In closing, the Board opined that its holding was limited. For example, the NLRA only covers certain classes of "employees" – excluding supervisors, government employees, and independent contractors – and only protects "concerted activity." Accordingly, employer policies which do not entirely foreclose class and collective actions by employees are unlikely to implicate the NLRA. Moreover, the Board's discussion of Pyett and similar cases involving union agreements to waive certain employee rights suggests that the result might have been different had the MAA been the product of a collectively bargained agreement. In addition, the Board explicitly acknowledged that it was not reaching the difficult questions of (1) whether an employer could require the waiver of employee rights to pursue class or collective actions in court while maintaining class arbitration as an option; and (2) whether an employer could lawfully agree with an employee to resolve employment disputes through non-class arbitration rather than in court where such an agreement was not a condition of employment.
Given the tangled web of federal, state and local statutes – as well as decisional law – that this ruling implicates, appellate review is almost certain to occur and it is possible that the Supreme Court will address this issue in the not too distant future. Whether it will endorse the Board's view remains to be seen.
What D.H. Horton Means for Employers
Many employers have chosen not to require mandatory pre-dispute arbitration agreements for reasons of public policy. Others have concluded that providing mandatory pre-dispute arbitration procedures encourages employees to utilize the forum when they might otherwise simply accept the employer's "position" rather than litigate the point in court. For those employers who have adopted, or are considering adopting, a pre-dispute mandatory arbitration procedure covering employee statutory claims while barring resort to a judicial forum, the viability of such agreements is now uncertain in the wake of D.R. Horton. Given this decision, from the Board's perspective, whether employers can mandate as a condition of employment that individuals waive their own substantive statutory rights, if those rights are protected under the NLRA, is an open question.
Accordingly, pending appellate review, employers should "let the dust settle," but certainly consider the following.
- Employers who currently have in place mandatory arbitration agreements with class action waivers should immediately examine the language of their agreements to evaluate whether such agreements can survive the Board's decision. D.R. Horton informs that claims brought by employees under federal, state and local employment laws, such as Title VII, the FLSA or state human rights laws, can no longer be subject to total class action waivers unless they are collectively bargained.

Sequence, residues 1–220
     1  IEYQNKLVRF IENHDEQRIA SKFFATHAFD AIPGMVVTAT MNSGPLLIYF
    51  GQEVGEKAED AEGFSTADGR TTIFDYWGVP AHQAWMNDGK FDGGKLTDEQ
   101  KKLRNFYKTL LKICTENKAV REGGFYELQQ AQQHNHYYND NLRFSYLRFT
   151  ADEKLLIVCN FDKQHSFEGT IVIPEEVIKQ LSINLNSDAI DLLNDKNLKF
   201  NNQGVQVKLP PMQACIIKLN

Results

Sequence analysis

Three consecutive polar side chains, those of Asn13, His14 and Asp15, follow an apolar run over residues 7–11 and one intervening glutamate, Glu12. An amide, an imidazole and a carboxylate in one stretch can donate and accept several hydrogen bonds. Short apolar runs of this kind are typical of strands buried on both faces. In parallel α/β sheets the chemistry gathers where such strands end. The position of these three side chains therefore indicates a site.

- Employers with class action waivers in their pre-dispute mandatory arbitration agreements must now consider how they wish to address potential class action claims. The Board did not address whether an agreement permitting class claims in arbitration but barring resort to a judicial forum would violate the NLRA. Employers, therefore, may have the option of requiring employees to forgo class claims in court so long as class/collective claims may be brought in arbitration. This decision requires weighing the pros and cons of the arbitration forum, and deciding which dispute resolution avenue best suits the business's needs.
- The Board noted that waiver of class action rights reached through collective bargaining is not on the same footing as a waiver of such rights by an individual employee that is imposed as a condition of employment. As such, unionized employers may wish to consider pursuing concessions during contract negotiations in exchange for the union's agreement barring class/collective actions in arbitration.
- While not altogether clear, the Board's plurality decision does not appear to outlaw pre-dispute mandatory arbitration procedures limited to individual statutory claims so long as they are supported by adequate consideration such as employment or continued employment.
- While this issue requires continued monitoring, it is possible that individually negotiated class action waivers, which are not made a mandatory term or condition of employment but are obtained in exchange for valuable consideration, might possibly survive the Board's scrutiny.
Finally, before entering into any pre-dispute mandatory arbitration procedure covering statutory employment claims, barring resort to a judicial forum, the employer should consult with counsel.
Special thanks to associates Carolyn Dellatore, Corinne Osborn, and Andrew Rice for their assistance in preparing this client alert.